The way it's being used in the article is outside TOR's intention, and won't work very well, since the network isn't designd for that kind of traffic. You'd almost be better off finding a land line and using your 56k modem to dial into someplace outside china. It would sort of work, though, if you had no other choice and were disciplined enough to NOT send anything to rat yourself out over it.
Anon, in keeping with the spirit of the article.
I don’t believe that operating a Tor node will be illegal per se. Come the turn of the year, JonDonym are not looking to shut up shop in Germany. JonDonym is a similar concept to Tor. It’s organized by the University of Dresden, but on a more commercial basis.
If you don’t log and retain all the connection data and the authorities ask you for it, then you’ll be in trouble. Will this be a requirement for all servers, such as game servers, BitTorrent nodes, etc? Are their going to be other EU states that will attempt to require similar in their implementations of the data retention directive?
While part PR stunt by the Chaos Computer Club, the timing is important. China has only recently started to restrict access to Tor websites. Increasing awareness of Tor inside China would be a good thing.
Following on from Anonymous Coward, both Tor and JonDonym have the concept of bridge relays. These are entry nodes whose IP address/fingerprint details are not part of the directory.
When you do look at the Tor directory, you see a lot of relays in Germany and very few in the UK. I wonder how much of this is down to British apathy towards privacy and how much is a fear that the police will smash down your door if something bad gets relayed via your IP address.
You can buy a dedicated server for about £40pm, with a terrabyte of bandwidth. You still have to trust the hosting company, or you could use your home PC and trust your ISP, with phorm, RIPA etc.
SSH tunnel (using a key setup prior to travelling to avoid MITM) through tor to a proxy running on the server and browse through that, have it store all your music, files, and even act as a remote bittorent client (as it's got more upload bandwidth.). It can also provide email, dns, nntp, ntp services all running inside the shell. Even better the laptop you take can be almost blank, using the remote server as storage or desktop, running locally in a sandbox, throwaway USB, to avoid writing to the hard disk. Meaning Chinese police will not be able to read inane reporting on fog levels.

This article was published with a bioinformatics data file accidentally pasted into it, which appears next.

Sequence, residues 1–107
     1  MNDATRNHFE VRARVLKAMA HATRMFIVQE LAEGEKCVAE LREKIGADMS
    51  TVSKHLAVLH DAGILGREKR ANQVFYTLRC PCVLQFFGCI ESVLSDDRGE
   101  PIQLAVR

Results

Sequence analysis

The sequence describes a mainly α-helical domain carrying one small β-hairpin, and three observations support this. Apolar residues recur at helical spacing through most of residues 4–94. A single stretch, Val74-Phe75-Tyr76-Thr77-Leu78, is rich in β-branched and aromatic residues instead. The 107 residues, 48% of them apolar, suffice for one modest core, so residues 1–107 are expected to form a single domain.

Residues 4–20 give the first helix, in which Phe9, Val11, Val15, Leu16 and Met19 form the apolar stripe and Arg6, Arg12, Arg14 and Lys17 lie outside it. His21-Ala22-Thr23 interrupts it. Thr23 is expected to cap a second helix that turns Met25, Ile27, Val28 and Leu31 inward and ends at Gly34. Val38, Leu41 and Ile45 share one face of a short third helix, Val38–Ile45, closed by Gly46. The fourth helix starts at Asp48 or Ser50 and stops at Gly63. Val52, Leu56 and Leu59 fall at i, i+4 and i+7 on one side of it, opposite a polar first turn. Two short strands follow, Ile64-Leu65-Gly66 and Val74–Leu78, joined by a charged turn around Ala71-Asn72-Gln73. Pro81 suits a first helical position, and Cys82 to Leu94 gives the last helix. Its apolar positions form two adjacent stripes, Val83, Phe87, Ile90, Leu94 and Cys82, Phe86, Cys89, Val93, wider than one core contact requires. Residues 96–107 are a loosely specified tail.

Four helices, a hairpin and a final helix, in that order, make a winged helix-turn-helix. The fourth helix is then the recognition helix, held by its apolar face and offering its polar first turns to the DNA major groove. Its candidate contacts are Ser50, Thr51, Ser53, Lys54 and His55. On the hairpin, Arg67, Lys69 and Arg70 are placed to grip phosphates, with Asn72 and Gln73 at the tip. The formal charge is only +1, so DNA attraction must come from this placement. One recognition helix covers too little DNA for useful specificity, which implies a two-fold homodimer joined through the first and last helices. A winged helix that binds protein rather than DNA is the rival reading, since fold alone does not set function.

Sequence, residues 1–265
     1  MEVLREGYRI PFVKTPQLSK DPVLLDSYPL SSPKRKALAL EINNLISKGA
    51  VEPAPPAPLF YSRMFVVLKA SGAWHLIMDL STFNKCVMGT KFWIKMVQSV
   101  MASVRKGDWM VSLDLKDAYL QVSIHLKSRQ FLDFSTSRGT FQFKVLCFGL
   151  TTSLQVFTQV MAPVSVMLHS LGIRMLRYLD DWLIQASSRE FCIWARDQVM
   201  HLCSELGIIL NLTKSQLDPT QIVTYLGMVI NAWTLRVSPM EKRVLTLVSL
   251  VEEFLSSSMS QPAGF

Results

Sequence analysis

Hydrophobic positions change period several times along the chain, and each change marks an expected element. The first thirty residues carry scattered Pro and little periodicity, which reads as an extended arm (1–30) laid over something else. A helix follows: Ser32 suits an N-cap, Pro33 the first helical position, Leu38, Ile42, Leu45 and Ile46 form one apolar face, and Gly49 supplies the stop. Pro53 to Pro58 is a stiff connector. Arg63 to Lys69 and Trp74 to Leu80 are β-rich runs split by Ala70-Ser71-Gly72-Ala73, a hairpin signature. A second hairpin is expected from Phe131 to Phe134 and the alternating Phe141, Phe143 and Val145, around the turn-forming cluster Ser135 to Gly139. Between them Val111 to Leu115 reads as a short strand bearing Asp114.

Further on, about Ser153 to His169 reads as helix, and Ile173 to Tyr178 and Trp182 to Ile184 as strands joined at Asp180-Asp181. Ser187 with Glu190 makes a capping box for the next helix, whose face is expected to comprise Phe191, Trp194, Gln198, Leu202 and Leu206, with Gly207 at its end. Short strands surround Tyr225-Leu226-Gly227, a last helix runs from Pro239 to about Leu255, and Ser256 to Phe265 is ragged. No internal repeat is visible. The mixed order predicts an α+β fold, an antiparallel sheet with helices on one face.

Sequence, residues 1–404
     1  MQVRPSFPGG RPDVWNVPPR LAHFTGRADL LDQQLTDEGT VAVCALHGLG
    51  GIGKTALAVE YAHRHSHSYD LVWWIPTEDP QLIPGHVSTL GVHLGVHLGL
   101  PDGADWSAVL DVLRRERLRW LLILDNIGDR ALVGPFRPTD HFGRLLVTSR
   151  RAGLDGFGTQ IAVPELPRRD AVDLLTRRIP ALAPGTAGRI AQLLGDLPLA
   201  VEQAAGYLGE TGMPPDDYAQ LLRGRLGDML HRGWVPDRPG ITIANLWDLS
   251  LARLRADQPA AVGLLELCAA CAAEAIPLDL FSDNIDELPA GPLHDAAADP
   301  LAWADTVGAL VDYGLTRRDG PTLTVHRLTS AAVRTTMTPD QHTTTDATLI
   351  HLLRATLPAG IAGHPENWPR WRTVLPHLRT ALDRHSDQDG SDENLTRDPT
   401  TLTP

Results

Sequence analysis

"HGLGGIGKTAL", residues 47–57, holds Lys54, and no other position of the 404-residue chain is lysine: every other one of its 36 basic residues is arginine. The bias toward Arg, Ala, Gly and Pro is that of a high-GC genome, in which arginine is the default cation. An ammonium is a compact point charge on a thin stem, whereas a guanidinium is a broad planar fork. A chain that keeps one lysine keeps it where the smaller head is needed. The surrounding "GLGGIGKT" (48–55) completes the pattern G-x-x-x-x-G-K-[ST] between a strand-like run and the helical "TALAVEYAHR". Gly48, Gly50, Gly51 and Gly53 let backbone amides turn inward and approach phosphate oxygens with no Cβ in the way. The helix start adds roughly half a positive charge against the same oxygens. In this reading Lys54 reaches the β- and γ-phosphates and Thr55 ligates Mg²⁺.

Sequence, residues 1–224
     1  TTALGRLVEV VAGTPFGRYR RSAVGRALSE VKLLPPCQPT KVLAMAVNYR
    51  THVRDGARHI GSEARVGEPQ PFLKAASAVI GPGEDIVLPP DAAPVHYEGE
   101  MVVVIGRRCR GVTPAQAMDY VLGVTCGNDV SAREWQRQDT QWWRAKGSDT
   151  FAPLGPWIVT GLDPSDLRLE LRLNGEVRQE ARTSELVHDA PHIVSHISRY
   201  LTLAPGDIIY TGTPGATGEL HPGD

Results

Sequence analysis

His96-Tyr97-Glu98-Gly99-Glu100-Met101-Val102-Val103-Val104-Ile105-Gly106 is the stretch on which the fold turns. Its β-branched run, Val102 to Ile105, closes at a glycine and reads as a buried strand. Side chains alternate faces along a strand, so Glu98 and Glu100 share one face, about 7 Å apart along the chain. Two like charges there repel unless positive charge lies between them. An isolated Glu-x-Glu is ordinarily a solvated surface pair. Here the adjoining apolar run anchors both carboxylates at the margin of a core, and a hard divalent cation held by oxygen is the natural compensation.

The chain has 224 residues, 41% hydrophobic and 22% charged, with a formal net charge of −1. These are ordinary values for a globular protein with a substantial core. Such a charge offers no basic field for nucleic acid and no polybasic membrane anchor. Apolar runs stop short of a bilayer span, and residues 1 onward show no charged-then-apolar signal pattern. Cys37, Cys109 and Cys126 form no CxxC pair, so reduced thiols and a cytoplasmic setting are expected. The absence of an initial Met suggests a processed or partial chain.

One part missing from the inital media coverage was that China were not only blocking sites, but monitoring the traffic and logging it, just like the UK and USA do to their citizens. I sounds worse with China in front of it, but we in the UK tap phones, log mobile phone triangulation location, read emails, examine browsing habits, setup surveillance on people failing to keep bins empty.
This whole thing is blown out of proportion. The Chinese Gov care not that a westerner might want to look at information on TS or Amnesty (but why would you sit inside and read crap on the net when you could be out in a alien city on the other side of the world?).
They know that we know [the western spin] about these things already, what the Chinese gov care about is protecting their own citizens from the lies on the net.
Why they continued to block the hotels is more to do with the difficulty of providing working DNS to specific locations and not others than some kind of evil motive.
For two reasons.
1) You are beleaving the Chinese claim that the games is about sport and sport alown. Wether they like it or not people want to know about the rest of the country, which dose require access to "band" sights. China need to accept that if you host an international event it is not just that event, but the actions of your whole country that are under scruteny.
2) The Chinese government did say that there would be no restrictions when they were bidding for the games.
The Chaos Computer Club package mentioned in the article is a German package, as you might expect. You can easily modify the included Firefox to the language of your choice using about:config, but Vidalia remains in German. That's not so much of a problem as the speed at which the package operates ... it is extreeeeemely slow.
If you're just looking for a Tor/Vidalia USB-installable package, get an original one from Tor directly: http://www.torproject.org/download.html.en You can grab the one with just Firefox or the one with both Firefox and Pidgin (IM client). They're the "Tor Browser Bundles" and they work great!
Biting the hand that feeds IT © 1998–2019